Besides…this is music. Music cannot be mastered by reading a book. (Or in this case, a blog post) Music must be practiced, listened to, and mastered by performing. I detailed these steps because I wanted to provide groups who have the desire to improvise songs “on the spot,” a springboard to start doing it. And frankly, even if you can’t or won’t improvise using chord progressions, your group probably has the musical ear to make it up as you go along. I mean, the shortcut to all of this is just listen to the song and imitate what you hear…which is sort of the whole basic principle of a cappella music.
But I’m trying to encourage improvisation, because I believe that improvisation makes you a better musician. And what we need in a cappella these days are better musicians, better groups, and the promise of something new.
Enough preaching. Let’s set up the ground rules!
Step 7: Let’s get it on!
Rule 1: The riff-off will be moderated by someone who is not affiliated with any competing group, but the audience will decide the winner, either by applause or ballot. The moderator will be in charge of organization, calling disqualifications, and judging difficult rulings.
Rule 2: The moderator will have a list of musical categories, but will choose them at random. (preferably by the category spinning app which was maybe the coolest thing I ever saw) These categories will be categories that can be freely interpreted and are knowledgeable to the competitors.
Good suggestions: Ladies of the 80’s, Songs about sex, 90’s boy bands, Funky songs, Break-up
songs, One hit wonders
Bad suggestions: Greatest hits of Mozart, Songs on Green Day’s first album, Number one hits by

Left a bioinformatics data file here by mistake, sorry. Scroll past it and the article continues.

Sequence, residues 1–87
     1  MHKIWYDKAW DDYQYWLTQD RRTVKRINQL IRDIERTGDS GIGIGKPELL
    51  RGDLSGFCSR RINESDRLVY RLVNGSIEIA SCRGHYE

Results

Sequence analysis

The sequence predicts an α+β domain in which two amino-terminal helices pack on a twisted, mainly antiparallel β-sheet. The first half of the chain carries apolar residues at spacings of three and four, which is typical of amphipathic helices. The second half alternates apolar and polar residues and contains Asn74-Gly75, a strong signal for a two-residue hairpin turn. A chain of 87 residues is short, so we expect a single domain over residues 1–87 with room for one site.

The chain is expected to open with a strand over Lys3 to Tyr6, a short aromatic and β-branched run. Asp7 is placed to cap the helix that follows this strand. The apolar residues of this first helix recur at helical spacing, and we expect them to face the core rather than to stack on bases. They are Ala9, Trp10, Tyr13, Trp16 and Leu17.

Bjork, Songs that contain the words “Poker Face”
Rule 3: Each group will have 20-30 seconds to deliberate and decide on 2 appropriate songs that will both fit the category, and wow the audience.
Rule 4: Whichever group is ready “jumps in” and starts singing. The group is not expected to sing the entire song, just a portion of it. It is the soloist’s responsibility to indicate, either visually or aurally, the “end” of the performance. If the group’s director wants to indicate this, that’s okay too.
Rule 5: Any group that is not singing must “jump in” before the first group is finished. If the first group finishes, the next group will have 5 seconds to “jump in” or they are disqualified. The moderator will keep track of this time.
Rule 6: If only two groups are competing, then a disqualification earns a “point” for the other team. First team to earn a certain number of points wins the riff-off. If more than two groups are competing, a disqualified group is “out” of the competition. Last group standing wins.
Rule 7: Each category should only last for about 2 songs. If no group has earned a disqualification after singing 2 songs, the next category is selected, and the riff-off continues. If only two groups are competing, the audience should decide who wins the round by applause or ballot.
Rule 8: During a song, one soloist may jump in or substitute for another if the performing soloist does not know the melody. Duets, trios, and smaller solo ensembles are allowed and encouraged.
Rule 9: A disqualification occurs when one or more of the following happens:
- A group sings a song that the moderator feels does not fit the appropriate category
-A group fails to think of a song within the allotted time
-A group does not come to a solid, concrete ending (e.g. The soloist keeps going, but the group stops, or vice versa)
-A group’s performance falls apart mid-song for any reason
-The moderator feels that the group is cheating somehow (looking at lyrics, looking at a chord sheet, etc.)
Rule 10: A disqualification shall NOT occur if:
-The appropriate song is already in the group’s rehearsed repertoire and they can perform it
-The soloist makes up lyrics to the song if he/she does not know them, as long as the song keeps going, or lyrics are repeated
-The group substitutes soloists at a rapid rate, as long as the song continues
Rule 11: The host group may make changes to these rules, as long as all competing groups have been notified and agree to the terms.
Let the age of riff-off’s begin…
Marc Silverberg